Friday, 6 February 2009
Shinfield and Three Mile Cross
Driven by the desire to keep my step count up, I go out on a short (4.5 mile) local walk. The walk starts by the green in Shinfield, overlooked by the school. According to Pevsner, the middle section is the original school, dating from 1707. The extension on the left dates from 1860, and that on the right from 1898.
From here you walk, rather needlessly really, through some rather mixed housing developments, along a narrow path overlooking fields at the back of the village and eventually re-emerge on the main road.
Crossing this, you walk through the long-derelict huts of the National Institute for Research in Dairying. It feels more like a disused prison camp than a scientific centre.
However, you soon emerge into the churchyard of St Mary's Church...
The church was founded in the twelfth century, while the brick south chapel (on the opposite side) was added in 1596. The splendid brick tower was built in 1664.
I detoured from the official route at this point as the path opposite the church now goes through a new housing estate, and instead followed Church Road all the way to Three Mile Cross. This also involved ignoring a path which would have led to a tramp through a muddy field right beside the M4 - why would anyone want to do that?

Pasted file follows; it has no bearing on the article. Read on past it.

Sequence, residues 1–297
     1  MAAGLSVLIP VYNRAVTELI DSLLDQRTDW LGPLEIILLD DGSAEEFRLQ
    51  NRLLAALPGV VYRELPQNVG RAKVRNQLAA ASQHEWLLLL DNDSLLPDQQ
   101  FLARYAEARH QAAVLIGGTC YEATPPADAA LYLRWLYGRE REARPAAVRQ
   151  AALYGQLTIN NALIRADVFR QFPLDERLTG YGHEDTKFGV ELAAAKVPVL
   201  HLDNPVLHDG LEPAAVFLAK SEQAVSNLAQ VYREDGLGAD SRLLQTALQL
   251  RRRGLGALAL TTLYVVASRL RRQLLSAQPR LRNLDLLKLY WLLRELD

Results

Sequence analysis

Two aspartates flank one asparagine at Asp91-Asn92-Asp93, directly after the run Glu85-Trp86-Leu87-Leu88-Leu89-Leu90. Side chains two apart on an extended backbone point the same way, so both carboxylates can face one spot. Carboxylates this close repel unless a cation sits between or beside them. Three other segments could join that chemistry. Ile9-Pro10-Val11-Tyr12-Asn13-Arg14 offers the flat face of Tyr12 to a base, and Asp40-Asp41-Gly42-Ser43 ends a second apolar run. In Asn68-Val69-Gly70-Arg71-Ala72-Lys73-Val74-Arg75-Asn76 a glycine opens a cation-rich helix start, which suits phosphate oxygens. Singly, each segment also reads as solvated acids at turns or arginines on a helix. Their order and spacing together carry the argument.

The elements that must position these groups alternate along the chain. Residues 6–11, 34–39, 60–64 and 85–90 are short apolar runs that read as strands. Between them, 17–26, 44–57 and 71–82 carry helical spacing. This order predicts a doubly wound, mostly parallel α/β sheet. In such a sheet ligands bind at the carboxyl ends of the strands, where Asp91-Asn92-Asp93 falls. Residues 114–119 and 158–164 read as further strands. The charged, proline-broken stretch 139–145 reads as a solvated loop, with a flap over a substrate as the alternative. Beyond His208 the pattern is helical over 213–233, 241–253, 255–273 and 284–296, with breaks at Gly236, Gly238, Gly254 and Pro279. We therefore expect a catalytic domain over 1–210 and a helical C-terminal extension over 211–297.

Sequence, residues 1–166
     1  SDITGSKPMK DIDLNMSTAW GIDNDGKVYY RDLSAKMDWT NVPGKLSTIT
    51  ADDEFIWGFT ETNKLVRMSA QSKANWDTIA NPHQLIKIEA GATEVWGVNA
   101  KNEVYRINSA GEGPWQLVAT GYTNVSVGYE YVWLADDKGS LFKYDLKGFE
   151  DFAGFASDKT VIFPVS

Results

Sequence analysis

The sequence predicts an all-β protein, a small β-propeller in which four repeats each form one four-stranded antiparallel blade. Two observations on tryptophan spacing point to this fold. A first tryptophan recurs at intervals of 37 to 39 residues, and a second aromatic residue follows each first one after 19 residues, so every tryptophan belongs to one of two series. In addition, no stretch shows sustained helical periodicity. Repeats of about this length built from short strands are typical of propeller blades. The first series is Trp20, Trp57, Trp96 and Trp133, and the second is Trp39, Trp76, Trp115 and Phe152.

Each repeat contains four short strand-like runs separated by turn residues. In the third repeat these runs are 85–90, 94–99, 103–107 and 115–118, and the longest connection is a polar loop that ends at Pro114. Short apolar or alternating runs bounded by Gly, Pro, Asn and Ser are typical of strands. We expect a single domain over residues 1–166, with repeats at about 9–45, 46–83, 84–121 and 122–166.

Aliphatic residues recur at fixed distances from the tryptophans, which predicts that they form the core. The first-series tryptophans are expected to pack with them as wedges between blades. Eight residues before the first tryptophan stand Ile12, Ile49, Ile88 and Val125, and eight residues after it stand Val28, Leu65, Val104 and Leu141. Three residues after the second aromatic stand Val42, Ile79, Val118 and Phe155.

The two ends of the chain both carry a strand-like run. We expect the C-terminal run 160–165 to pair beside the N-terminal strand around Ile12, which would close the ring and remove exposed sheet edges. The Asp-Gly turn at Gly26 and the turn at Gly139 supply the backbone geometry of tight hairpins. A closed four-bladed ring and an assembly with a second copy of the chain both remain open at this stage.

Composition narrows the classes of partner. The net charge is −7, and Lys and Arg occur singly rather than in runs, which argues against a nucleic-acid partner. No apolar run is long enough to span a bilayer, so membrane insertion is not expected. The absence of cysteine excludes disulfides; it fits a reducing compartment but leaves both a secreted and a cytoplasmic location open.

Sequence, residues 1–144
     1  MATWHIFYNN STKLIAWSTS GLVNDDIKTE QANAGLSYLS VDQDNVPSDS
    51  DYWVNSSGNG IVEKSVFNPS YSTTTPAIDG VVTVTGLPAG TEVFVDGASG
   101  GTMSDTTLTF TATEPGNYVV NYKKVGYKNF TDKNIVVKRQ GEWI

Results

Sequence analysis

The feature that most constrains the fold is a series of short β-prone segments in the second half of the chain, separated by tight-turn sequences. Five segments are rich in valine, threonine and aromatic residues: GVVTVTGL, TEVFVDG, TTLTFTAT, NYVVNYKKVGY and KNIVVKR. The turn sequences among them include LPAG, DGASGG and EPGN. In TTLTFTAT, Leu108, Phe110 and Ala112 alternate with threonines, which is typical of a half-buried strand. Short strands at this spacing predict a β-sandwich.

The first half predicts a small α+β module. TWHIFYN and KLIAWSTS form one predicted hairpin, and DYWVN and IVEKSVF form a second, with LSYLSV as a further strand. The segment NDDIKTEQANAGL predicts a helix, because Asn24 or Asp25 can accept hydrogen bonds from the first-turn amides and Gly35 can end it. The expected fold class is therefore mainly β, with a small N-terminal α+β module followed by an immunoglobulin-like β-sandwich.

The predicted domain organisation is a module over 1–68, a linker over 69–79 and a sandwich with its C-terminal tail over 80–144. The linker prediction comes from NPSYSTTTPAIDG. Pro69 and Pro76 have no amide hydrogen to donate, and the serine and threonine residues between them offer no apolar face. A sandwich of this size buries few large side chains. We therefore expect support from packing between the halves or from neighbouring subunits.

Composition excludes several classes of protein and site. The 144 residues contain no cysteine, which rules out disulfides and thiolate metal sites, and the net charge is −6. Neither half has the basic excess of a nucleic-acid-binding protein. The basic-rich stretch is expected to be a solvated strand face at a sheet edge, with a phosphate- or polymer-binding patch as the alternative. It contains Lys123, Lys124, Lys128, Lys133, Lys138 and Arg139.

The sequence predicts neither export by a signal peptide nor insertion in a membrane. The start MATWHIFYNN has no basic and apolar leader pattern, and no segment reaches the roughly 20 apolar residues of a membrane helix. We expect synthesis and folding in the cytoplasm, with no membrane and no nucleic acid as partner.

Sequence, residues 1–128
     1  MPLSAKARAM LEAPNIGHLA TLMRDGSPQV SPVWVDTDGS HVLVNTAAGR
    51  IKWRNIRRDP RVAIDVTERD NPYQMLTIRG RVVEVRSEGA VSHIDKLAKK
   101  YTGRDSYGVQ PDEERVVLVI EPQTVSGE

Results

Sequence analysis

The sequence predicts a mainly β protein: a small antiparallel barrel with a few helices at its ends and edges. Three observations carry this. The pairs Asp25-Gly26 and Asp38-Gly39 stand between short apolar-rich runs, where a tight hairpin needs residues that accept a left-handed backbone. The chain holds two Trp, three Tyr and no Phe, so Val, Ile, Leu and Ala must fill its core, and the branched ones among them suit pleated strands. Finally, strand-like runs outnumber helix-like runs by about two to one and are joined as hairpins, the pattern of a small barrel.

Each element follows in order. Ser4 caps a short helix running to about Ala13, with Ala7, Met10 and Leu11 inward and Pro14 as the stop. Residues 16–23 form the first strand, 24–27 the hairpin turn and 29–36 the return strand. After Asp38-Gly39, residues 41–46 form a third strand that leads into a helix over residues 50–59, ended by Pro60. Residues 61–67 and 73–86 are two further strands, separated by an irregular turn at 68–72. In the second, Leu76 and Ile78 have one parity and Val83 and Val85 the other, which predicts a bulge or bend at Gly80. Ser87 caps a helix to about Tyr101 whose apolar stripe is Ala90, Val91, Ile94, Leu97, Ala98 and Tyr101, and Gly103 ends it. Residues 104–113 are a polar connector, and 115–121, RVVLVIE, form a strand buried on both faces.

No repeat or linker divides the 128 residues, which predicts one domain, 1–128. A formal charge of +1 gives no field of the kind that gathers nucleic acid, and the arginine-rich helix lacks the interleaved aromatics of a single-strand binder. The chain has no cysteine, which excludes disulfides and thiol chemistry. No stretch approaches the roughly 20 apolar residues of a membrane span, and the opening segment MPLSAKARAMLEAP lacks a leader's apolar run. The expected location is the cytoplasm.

Just along from the church stands the former vicarage, now L'Ortolan restaurant, one of Berkshire's finest.
From Three Mile Cross, the route leads through fields, skirts the playing fields of Ryeish Green school and follows a winding lane back towards Shinfield. I surprised a heron here in a flooded ditch by the roadside.
The final section leads back to Shinfield across open fields.
The new housing development can be seen beyond the fields and beyond it is a glimpse of the stalinist former County Hall. These fields are the subject of a planning proposal for 2500 houses, which would significantly reduce the separation of the currently discrete villages of Shinfield, Three Mile Cross and Spencers Wood - and end this as a country walk.
From: Rambling for pleasure Around Reading second series, by David Bounds for the East Berkshire Ramblers Association Group.
Map: Explorer 159 (Reading).
Rating: Two stars. I did rather enjoy the walk, but there are too many boring or disagreeable bits.
It is easier to reflect on walking when there is nothing else on your mind! Fairly adverse conditions and a walk with inherent limitations, but still enjoyable. Why? Shinfield school green is a delightful spot and the church has some character. There is always the potential for a chance encounter with nature - I don't know if my heron was more surprised or I was. But mainly today it was the just the joy of being active and being out in the fresh air.